Anatomy of Carding Cloth: Dissecting the Past, Present, and Future

A foundation cloth covered in bent metal teeth seems such a simple technology, but we continue to find new ways to make use of it in our fiber-prep pursuits! Roy Clemes helps us take a closer look at carding cloth and how it is made.

Roy Clemes Jan 17, 2024 - 9 min read

Anatomy of Carding Cloth: Dissecting the Past, Present, and Future Primary Image

Flick cards can help you transform what may be a less-than-perfect fleece into fiber that’s perfect for spinning. Photos by Matt Graves unless otherwise noted

The burgeoning handspinning community of the early 1970s faced an existential crisis: without prepared fiber to spin, the movement would sputter and die. While a handful of now-household names had just begun making spinning wheels, fiber-prep tools were still rare and hard to come by. In 1972, my father began importing handcards from Finland and Sweden, but the supply was limited to a dozen pair every couple of months.

The carding cloth on these handcards had a split-hide leather foundation that was not nearly as durable as today’s canvas and rubber combination. As such, they wore out quickly, which is why many older handcards have “R” and “L” designation to indicate which hand to use them in. Using these cards in the wrong hand, or worse, lending them to someone else, would “hog out” the holes in the leather foundation, which would loosen the teeth and quickly lead to the cloth’s demise.

After a lengthy search, my father found a source for carding cloth made in the United States and began making handcards and drumcarders of his own design. The rest, as they say, is history, as over the past 50-plus years, our family has made a half-million pairs of handcards and tens of thousands of drumcarders. Along the way, we have learned a thing or two about the most important part of many fiber-prep tools: the carding cloth.

A close-up look at the teeth, which are made of round or oval wire from alloy or carbon steel

Flexible carding cloth is the technical term for the mass of tiny metal teeth covering the business end of handcards, drumcarders, and similar tools. More simply referred to as carding cloth but sometimes called card clothing, it is also used in myriad industries that are not textile related. Scrubbing the inside of gas and oil pipelines, straining the skins out of tomato juice, and raising the nap on paint rollers and carpets are just some of the numerous applications. Accordingly, it is possible to order carding cloth made to a wide variety of specifications.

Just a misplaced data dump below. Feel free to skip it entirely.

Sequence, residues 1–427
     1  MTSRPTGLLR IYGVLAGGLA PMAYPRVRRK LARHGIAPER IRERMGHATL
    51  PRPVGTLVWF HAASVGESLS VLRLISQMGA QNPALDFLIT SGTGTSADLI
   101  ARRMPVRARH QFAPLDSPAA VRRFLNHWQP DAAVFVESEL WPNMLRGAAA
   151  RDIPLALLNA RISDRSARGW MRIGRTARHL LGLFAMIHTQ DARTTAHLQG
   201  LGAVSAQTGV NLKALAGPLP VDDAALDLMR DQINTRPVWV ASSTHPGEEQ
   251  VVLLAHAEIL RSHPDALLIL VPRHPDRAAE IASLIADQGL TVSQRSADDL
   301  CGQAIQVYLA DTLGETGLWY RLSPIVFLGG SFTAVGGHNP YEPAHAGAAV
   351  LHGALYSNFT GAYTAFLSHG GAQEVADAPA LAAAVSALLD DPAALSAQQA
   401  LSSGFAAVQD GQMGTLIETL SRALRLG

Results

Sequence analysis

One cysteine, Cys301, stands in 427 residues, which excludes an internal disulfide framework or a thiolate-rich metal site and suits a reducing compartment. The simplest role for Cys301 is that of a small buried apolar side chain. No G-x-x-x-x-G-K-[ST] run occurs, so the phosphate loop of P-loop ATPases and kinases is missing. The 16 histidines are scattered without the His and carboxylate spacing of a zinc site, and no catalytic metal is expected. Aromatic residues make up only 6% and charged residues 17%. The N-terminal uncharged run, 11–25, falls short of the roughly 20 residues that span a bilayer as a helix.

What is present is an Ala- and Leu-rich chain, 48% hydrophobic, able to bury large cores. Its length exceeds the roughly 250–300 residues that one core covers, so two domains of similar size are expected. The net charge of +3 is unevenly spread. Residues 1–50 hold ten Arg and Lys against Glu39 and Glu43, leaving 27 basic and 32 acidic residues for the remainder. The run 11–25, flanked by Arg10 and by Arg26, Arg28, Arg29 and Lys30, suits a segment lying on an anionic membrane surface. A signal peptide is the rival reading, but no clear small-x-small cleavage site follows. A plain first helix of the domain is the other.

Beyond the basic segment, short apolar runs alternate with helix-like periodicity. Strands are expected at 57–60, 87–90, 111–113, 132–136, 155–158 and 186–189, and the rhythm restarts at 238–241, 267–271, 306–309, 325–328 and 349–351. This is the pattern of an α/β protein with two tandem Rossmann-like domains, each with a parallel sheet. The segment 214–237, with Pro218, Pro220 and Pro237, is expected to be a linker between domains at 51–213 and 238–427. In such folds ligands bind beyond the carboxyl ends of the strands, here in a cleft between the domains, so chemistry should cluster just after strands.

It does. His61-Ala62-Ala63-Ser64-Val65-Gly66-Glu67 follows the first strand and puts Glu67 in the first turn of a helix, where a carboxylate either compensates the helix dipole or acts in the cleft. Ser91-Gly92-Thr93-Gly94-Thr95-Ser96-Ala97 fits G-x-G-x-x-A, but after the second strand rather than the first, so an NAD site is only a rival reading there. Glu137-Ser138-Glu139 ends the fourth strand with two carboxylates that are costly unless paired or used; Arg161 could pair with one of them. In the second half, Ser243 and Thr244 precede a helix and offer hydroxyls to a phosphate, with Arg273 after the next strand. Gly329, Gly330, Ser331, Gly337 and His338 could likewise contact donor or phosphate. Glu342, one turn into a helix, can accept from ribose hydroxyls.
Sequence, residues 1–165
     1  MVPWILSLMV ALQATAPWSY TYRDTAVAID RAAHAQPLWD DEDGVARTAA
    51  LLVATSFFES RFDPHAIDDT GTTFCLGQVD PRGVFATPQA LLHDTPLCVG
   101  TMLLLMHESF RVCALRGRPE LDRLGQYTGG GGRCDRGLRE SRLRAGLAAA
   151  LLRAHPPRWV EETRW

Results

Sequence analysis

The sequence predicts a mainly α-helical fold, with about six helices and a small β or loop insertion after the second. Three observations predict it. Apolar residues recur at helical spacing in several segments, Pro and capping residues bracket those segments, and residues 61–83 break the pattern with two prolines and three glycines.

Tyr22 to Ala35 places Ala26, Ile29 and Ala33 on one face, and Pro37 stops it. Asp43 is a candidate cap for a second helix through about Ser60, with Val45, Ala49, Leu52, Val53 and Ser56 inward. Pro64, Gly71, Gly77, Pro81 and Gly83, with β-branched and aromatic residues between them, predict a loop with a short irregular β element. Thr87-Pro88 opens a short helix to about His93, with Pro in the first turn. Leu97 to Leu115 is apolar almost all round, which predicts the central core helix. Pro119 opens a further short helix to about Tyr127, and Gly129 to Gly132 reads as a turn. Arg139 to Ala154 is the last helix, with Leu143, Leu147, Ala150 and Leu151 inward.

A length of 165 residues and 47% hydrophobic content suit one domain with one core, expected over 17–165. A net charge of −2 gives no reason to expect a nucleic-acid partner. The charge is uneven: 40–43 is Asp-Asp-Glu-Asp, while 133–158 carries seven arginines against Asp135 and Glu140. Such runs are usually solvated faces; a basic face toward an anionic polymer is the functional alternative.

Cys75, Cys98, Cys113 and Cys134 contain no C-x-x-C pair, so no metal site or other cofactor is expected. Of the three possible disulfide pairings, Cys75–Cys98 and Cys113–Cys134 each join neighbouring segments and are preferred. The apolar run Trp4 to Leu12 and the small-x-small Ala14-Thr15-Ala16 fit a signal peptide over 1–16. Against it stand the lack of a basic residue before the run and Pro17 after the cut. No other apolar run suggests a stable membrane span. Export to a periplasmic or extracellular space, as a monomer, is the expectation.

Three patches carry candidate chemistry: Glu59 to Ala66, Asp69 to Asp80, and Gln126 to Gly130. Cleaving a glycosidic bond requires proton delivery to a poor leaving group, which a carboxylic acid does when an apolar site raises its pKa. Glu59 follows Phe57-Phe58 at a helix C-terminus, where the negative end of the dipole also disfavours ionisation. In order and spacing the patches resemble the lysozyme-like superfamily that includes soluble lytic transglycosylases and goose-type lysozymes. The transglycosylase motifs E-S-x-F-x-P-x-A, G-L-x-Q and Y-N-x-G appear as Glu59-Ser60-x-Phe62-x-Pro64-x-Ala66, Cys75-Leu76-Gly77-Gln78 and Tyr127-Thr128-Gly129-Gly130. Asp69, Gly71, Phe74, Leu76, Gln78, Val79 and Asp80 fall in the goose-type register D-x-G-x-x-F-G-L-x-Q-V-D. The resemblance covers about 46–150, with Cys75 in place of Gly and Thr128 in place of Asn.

A Closer Look

Carding cloth is made of two components: foundation and teeth. The foundation is the base that holds the teeth in place. It is composed of multiple plies of woven white cotton canvas bound to a layer of vulcanized rubber. The number of plies or layers of canvas varies from two to six depending on the application. In the fiber-arts industry, vulcanized rubber is typically blue, gray, or red. Like most rubber products, this vulcanized layer has a limited lifetime, which can vary from a few years to a couple of decades depending on the quality of rubber used and how the item is stored. Subjecting carding cloth to heat and differing levels of humidity will speed up the aging process; tools with carding cloth should be stored in a climate-controlled environment. When this rubber layer dries out and becomes brittle, the teeth will start to pull through the carding cloth and end up in the fiber being processed.

A detail of the foundation reveals white cotton canvas bound to a layer of gray vulcanized rubber.